What Dr. Koop Could Have Reported

What Dr. Koop Could Have Reported

David C. Reardon

While it is true that there was not, and still isn’t, any solid data for making any accurate estimate of how many women suffer from post-abortion psychological sequelae, there were three specific findings (readily substantiated by the literature available at that time) upon which to build valid conclusions and specific recommendations. The following is a summary of these points, which I personally communicated to Dr. Koop in a letter dated July 1, 1988.

First, at least some women are psychologically disturbed by abortion. From clinical evidence it is clear that some suffer severe psychological maladjustments, while others have more moderate or mild coping problems. Short term follow up studies, of less than six months, typically report 10 to 20 percent of patients reporting significant psychological problems which they associate with their abortion experience. These findings are confounded by the fact that approximately 50 percent of women who previously agreed to participate in these followup studies subsequently refuse to do so. This high refusal rate may itself signify post-abortion avoidance behavior which may be indicative of other psychological sequelae.

Second, by examining those women who do experience psychological sequelae, pro-abortion researchers have identified approximately fourteen clearly defined characteristics (such as feelings of being coerced into the abortion, negative moral beliefs concerning abortion, prior mental health problems, or strong feelings of attachment to the unborn child) which are predictive of poor post-abortion adjustment.

Third, intake information at abortion clinics indicate that 60 to 80 percent of patients seeking abortion have one or more of these predisposing risk factors.

From these three facts we can conclude not only that some unknown number of women experience psychological problems following abortion, but that the majority of women seeking abortion appear to be at risk. How many of these at-risk women actually suffer post-abortion problems is not known. But the evidence is clearly sufficient to raise the concern that abortion may pose a significant public health threat. Therefore, further research should be given a high priority. In the meantime, a national effort should be undertaken to: 1) Help high risk patients avoid abortions; 2) Better inform and counsel patients about risks and alternatives prior to abortion; and 3) Offer better care and understanding to women who are struggling with psychological problems after their abortions.

In response to my suggestion, Dr. Koop sent me a personal letter stating that he understood my line of reasoning and would keep it in mind when preparing his report. He also noted that he had a copy of my book which included results of the first longterm followup study of women, an average of ten years post-abortion. Because this study was limited to a sample of 253 WEBA members, Dr. Koop pointed out that “it is impossible to make national generalizations” from such samples.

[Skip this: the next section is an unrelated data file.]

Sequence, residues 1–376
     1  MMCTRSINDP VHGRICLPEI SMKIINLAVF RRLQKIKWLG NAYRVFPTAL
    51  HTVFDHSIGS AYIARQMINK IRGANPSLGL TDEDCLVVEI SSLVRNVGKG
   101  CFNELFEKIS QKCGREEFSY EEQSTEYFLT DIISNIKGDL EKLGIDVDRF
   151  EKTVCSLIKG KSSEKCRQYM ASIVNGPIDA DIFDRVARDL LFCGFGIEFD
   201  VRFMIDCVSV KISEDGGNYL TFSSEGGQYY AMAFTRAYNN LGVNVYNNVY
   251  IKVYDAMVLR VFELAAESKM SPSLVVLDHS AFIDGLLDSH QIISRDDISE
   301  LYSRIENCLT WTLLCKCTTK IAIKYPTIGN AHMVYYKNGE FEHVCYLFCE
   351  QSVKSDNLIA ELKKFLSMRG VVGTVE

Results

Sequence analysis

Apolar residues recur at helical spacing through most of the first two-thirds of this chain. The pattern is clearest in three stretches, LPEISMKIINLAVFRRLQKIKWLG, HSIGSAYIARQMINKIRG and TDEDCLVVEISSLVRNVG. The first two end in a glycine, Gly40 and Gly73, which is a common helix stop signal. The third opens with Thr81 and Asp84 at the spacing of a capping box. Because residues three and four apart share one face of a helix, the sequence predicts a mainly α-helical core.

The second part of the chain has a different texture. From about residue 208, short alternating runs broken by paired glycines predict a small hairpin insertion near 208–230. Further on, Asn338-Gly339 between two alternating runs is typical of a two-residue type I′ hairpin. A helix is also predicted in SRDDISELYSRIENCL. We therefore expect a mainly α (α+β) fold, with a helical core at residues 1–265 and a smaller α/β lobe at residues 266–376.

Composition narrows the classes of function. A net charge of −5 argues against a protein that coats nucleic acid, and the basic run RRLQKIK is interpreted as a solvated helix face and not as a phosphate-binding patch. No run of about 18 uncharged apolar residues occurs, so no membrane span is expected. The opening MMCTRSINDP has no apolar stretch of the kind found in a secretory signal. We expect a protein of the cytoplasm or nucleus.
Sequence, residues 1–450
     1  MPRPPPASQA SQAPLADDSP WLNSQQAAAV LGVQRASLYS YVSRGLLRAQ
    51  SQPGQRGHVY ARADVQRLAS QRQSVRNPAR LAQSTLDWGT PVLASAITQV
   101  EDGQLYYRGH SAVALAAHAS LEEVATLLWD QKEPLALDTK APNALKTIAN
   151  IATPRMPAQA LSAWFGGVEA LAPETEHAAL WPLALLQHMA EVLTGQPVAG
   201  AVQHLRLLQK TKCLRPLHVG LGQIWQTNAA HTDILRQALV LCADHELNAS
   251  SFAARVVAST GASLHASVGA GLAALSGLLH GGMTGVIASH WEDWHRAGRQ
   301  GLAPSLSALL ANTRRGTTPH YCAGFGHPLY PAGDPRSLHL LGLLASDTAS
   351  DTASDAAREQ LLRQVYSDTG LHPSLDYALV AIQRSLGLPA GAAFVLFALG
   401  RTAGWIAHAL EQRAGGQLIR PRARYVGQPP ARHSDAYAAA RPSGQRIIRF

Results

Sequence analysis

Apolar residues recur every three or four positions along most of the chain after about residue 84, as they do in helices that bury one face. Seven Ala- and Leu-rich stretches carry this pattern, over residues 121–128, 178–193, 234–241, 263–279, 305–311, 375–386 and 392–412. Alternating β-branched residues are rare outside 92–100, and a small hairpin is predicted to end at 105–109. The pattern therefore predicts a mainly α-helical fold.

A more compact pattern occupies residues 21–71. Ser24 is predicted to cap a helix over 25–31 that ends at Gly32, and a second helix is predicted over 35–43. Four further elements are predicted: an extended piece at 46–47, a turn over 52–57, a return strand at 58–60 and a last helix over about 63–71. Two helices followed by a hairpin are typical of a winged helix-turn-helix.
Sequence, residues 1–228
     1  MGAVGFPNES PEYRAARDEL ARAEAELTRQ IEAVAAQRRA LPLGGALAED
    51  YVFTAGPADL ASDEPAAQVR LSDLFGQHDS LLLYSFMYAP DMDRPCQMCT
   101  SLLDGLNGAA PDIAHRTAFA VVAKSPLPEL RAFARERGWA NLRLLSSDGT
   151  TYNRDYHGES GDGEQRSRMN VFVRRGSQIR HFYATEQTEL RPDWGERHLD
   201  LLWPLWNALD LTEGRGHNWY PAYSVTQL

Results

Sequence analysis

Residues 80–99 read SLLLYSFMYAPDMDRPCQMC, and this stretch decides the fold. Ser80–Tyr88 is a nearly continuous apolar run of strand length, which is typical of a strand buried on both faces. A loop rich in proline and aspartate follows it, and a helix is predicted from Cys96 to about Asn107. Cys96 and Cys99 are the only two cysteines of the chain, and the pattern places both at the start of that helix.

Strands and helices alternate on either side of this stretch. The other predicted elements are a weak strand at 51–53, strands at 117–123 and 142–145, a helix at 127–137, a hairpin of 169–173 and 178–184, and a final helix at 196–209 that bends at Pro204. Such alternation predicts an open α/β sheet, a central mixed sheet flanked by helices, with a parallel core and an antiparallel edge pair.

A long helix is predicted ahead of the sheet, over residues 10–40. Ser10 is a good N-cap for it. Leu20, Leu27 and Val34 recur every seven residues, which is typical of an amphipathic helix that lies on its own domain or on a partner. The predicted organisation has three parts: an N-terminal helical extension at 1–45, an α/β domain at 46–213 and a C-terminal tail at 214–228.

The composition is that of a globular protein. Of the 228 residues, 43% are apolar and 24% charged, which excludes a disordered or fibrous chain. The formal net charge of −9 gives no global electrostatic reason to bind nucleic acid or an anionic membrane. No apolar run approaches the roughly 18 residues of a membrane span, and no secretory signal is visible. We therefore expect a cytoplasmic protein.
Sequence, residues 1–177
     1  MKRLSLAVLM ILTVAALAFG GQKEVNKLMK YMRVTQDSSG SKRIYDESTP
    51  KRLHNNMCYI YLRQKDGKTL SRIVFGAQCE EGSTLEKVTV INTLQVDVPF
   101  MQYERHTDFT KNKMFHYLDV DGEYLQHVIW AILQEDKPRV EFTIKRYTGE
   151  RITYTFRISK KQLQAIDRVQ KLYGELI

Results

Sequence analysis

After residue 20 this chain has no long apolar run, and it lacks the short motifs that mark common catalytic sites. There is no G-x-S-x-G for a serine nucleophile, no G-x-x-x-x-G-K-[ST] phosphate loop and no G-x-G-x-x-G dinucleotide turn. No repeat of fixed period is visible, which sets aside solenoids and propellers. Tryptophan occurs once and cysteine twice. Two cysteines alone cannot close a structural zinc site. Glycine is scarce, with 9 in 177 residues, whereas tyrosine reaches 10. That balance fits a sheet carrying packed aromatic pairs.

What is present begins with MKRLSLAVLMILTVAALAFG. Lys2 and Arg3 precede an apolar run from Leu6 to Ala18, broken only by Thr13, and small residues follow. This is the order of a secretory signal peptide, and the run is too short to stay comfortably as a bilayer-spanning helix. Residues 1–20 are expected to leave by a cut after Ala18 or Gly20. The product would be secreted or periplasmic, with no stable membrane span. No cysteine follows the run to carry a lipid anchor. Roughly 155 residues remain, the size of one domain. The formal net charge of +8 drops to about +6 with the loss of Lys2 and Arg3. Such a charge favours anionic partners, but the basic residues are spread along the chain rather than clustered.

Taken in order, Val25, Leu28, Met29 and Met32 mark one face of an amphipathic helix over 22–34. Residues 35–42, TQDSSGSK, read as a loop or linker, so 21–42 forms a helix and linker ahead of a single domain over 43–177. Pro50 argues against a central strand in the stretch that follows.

Dr. Koop’s observation is of course true, in the sense of making statistical generalizations, but it does not lessen the value of the WEBA sample in terms of gaining insights into at least the potential importance of the problem. After all, in any public health investigation one must always study the symptoms of the sick population before one can even begin to measure the extent of the illness in the general population. Unless the symptoms are identified first, it is impossible to ask the right questions of the general population. Indeed, the greatest methodological flaw of pro-abortion research is that researchers have concentrated their efforts on proving that psychiatric sequelae are rare without first defining the range of emotional and behavioral problems which women report as being associated with their abortion. In other words, rather than spend any time in actually studying the experience of women who suffer problems after an abortion, they have always been bent on marginalizing the affected women as a dysfunctional minority.

As one final note, it is curious that while Dr. Koop personally reported having seen my study, my research was not included in the extensive bibliography of materials which the Surgeon General’s assistant claimed to have studied in preparing the “report.” This omission is especially odd since all the studies which were included in the bibliography were also to be dismissed as “methodologically flawed.”


Originally published in The Post-Abortion Review 3(3),Summer 1995 Copyright 1995 Elliot Institute

See also: Limitations on Post-Abortion Research: Why We Know So Little , Identifying High Risk Abortion Patients and Revisiting the “Koop Report”


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